Researching the American Revolution

Your source for information on the American War of Independence

Canada

Web Sites

A group blog on early Canadian history has many articles on the American Invasion of Canada during the Revolutionary War.

https://earlycanadianhistory.ca

Primary Sources

Darley, Stephen. Voices from a Wilderness Expedition: The Journals and Men of Benedict Arnold’s Expedition to Quebec in 1775. Bloomington, IN: AuthorHouse, 2011.

Papet, Friedrich Julius von, and Bruce E. Burgoyne. Canada during the American Revolutionary War: Lieutenant Friedrich Julius von Papet’s Journal of the Sea Voyage to North America and the Campaign Conducted There, 15 May 1776 to 10 October 1783. Bowie, Md: Heritage Books, 1998.

Roberts, Kenneth, ed. March to Quebec – Journals of the Members of Arnold’s Expedition. New York: Doubleday, Doran & Company, Inc., 1938.

Secondary Sources

Anderson, Mark R. The Battle for the Fourteenth Colony: America’s War of Liberation in Canada, 1774-1776. Hanover, New Hampshire: University Press of New England, 2013.

Chidsey, Donald Barr. The War in the North – An Informal History of the American Revolution in and near Canada. New York: Crown Publishing, 1967.

Kidder, Frederic. Military Operations in Eastern Maine and Nova Scotia during the Revolution Chiefly Compllied from the Journals and Letters of John Allen, with Notes and a Memoir of Col. John Allen. Albany: Joel Munsell, 1867.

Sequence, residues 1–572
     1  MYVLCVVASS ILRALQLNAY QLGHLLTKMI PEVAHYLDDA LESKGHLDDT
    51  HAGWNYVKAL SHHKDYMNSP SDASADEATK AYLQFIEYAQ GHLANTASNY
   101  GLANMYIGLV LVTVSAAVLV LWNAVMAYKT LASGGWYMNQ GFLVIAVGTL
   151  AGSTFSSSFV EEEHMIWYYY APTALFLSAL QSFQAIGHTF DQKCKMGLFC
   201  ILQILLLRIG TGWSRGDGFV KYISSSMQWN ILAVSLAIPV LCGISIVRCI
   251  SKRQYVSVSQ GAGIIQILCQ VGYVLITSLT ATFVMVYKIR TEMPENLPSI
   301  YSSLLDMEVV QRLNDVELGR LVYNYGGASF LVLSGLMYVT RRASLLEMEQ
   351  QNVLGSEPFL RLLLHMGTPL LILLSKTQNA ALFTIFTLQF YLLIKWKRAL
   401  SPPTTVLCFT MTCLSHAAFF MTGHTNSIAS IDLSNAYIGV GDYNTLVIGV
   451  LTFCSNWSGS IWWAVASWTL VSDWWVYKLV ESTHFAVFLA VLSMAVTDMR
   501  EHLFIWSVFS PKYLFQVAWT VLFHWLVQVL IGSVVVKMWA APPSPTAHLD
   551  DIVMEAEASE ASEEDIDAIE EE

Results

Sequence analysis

Smith, Justin H. Our Struggle for the Fourteenth Colony – Canada and the American Revolution. 2 vols. New York & London: G. P. Putnan’s Sons, 1907.

Wrong, George M. Canada and the American Revolution. New York: The MacMillian Company, 1935.

 

Fort Chambly, Quebec

Captured by the Americans with little fight on October 20, 1775 and reoccupied by the British in the spring of 1776.  Cannon and stores used by the Americans to capture Fort St. John.

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Fort St. John, Quebec

Captured by Major General Richard Montgomery on November 6, 1775 and abandoned by the Americans in the Spring of 1776.  The site is now Canadian Military University.

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Quebec City

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French Canadians more commonly referred to the American Rebels and “Bostonais” rather than “Congressionists” used by British Canadians.

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